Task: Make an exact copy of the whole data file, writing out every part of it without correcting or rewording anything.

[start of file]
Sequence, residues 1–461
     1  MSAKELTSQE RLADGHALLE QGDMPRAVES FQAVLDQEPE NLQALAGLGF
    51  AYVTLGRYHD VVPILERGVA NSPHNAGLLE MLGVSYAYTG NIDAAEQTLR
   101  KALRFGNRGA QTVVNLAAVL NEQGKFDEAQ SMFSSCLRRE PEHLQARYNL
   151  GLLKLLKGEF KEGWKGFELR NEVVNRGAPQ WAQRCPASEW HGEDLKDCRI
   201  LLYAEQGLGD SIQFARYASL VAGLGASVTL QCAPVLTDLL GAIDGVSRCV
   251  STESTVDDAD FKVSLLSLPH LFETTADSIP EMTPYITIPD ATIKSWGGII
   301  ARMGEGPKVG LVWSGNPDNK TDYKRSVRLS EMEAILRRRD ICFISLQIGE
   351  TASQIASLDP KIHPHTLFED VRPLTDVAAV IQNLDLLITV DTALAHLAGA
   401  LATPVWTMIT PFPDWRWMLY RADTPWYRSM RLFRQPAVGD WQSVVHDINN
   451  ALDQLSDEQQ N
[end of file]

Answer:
Sequence, residues 1–461
     1  MSAKELTSQE RLADGHALLE QGDMPRAVES FQAVLDQEPE NLQALAGLGF
    51  AYVTLGRYHD VVPILERGVA NSPHNAGLLE MLGVSYAYTG NIDAAEQTLR
   101  KALRFGNRGA QTVVNLAAVL NEQGKFDEAQ SMFSSCLRRE PEHLQARYNL
   151  GLLKLLKGEF KEGWKGFELR NEVVNRGAPQ WAQRCPASEW HGEDLKDCRI
   201  LLYAEQGLGD SIQFARYASL VAGLGASVTL QCAPVLTDLL GAIDGVSRCV
   251  STESTVDDAD FKVSLLSLPH LFETTADSIP EMTPYITIPD ATIKSWGGII
   301  ARMGEGPKVG LVWSGNPDNK TDYKRSVRLS EMEAILRRRD ICFISLQIGE
   351  TASQIASLDP KIHPHTLFED VRPLTDVAAV IQNLDLLITV DTALAHLAGA
   401  LATPVWTMIT PFPDWRWMLY RADTPWYRSM RLFRQPAVGD WQSVVHDINN
   451  ALDQLSDEQQ N